Story seems interesting enough.
The Rover (David Michod)
Synopsis: A dirty and dangerous near-future western set in the Australian desert.
Elysium (Neill Blomkamp)
Synopsis: Set in the year 2159, where the very wealthy live on a man-made space station while the rest of the population resides on a ruined Earth, a man takes on a mission that could bring equality to the polarized worlds.
I disliked District 9, but I'm willing to give him another chance. Seems like a sci-fi story I may enjoy.
The Counselor (Ridley Scott)
Synopsis: A lawyer finds himself in over his head when he gets involved in drug trafficking. Ridley Scott's name made me pause, but then I realized it's written by Cormac McCarthy.
Nymphomaniac (Lars von Trier)
Synopsis: A self-diagnosed nymphomaniac recounts her erotic experiences to the man who saved her after a beating.
Only God Forgives (Nicolas Winding Refn)
Synopsis: A Bangkok police lieutenant and a gangster settle their differences in a Thai-boxing match.
The World’s End (Edgar Wright)
Synopsis: Five friends who reunite in an attempt to top their epic pub crawl from 20 years earlier unwittingly become humankind’s only hope for survival.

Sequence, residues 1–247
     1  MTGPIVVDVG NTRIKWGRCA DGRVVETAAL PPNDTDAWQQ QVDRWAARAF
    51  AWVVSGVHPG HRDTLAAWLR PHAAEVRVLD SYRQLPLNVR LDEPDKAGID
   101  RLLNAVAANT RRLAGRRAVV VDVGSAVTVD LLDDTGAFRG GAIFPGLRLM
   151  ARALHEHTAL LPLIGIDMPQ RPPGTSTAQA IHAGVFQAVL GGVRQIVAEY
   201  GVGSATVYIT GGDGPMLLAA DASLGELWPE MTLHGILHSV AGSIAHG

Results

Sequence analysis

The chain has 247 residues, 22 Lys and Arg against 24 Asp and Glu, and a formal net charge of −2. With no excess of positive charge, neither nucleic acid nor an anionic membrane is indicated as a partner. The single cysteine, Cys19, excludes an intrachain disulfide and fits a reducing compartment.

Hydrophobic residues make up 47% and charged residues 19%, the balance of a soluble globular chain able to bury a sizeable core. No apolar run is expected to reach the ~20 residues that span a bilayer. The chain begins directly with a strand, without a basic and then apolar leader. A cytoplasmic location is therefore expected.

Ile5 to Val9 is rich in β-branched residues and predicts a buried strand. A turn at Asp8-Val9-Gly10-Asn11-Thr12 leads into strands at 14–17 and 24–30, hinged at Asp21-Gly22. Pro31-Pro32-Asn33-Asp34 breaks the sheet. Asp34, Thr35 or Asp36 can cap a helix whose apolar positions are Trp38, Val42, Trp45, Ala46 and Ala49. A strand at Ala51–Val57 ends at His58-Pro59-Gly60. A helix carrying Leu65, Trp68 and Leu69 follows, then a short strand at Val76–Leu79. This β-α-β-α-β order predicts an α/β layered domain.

Closed Curtain (Jafar Panahi and Kambozia Partovi)
Synopsis: None available.
The fact that he's still making films...I will reward his bravery with my money (I hope).
Before Midnight (Richard Linklater)
Synopsis: We meet Jesse and Celine nine years on in Greece. Almost two decades have passed since their first meeting on that train bound for Vienna.
Wait, what? I still haven't seen the first two installments yet.
Snowpiercer (Bong Joon-ho)
Synopsis: AD 2031, the passengers in the train are the only survivors on Earth.
REALLY curious to see how these South Korean directors will do in Hollywood. Bong Joon-ho is my favorite.
Twelve Years a Slave (Steve McQueen)
Synopsis: A man living in New York during the mid-1800s is kidnapped and sold into slavery in the deep south.
Black. Shame wasn't a favorite, but I'm still down to support.
The Grandmaster (Wong Kar-wai)
Synopsis: The story of martial-arts master Ip Man, the man who trained Bruce Lee.
I love Tony Leung. Wong Kar-wai's got that international acclaim, and...Ip Man!
The Past (Asghar Farhadi)
Synopsis: An emotional social thriller.
A Separation was really good.
The Wolf of Wall Street (Martin Scorsese)
Synopsis: A New York stockbroker refuses to cooperate in a large securities fraud case involving corruption on Wall Street, corporate banking world and mob infiltration.
Scorsese + Leo are good together, right?
Inside Llewyn Davis (Joel and Ethan Coen)
Synopsis: A singer-songwriter navigates New York’s folk music scene during the 1960s.
Gravity (Alfonso Cuaron)
Synopsis: Astronauts attempt to return to earth after debris crashes into their space shuttle, leaving them drifting alone in space.
Wow, it's really been that long since Cuaron made a movie, huh? I'm down.
That was a long list.
Thanks for reading.